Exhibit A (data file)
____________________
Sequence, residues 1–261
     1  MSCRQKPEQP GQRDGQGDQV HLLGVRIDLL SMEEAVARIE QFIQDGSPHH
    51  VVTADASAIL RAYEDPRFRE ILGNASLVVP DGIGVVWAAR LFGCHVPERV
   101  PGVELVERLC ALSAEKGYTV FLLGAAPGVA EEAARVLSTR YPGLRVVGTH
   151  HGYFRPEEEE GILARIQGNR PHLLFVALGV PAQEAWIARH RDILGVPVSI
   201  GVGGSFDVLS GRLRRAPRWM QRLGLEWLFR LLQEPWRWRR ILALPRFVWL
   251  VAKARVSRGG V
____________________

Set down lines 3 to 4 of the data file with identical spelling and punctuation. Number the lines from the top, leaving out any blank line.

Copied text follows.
    51  VVTADASAIL RAYEDPRFRE ILGNASLVVP DGIGVVWAAR LFGCHVPERV
   101  PGVELVERLC ALSAEKGYTV FLLGAAPGVA EEAARVLSTR YPGLRVVGTH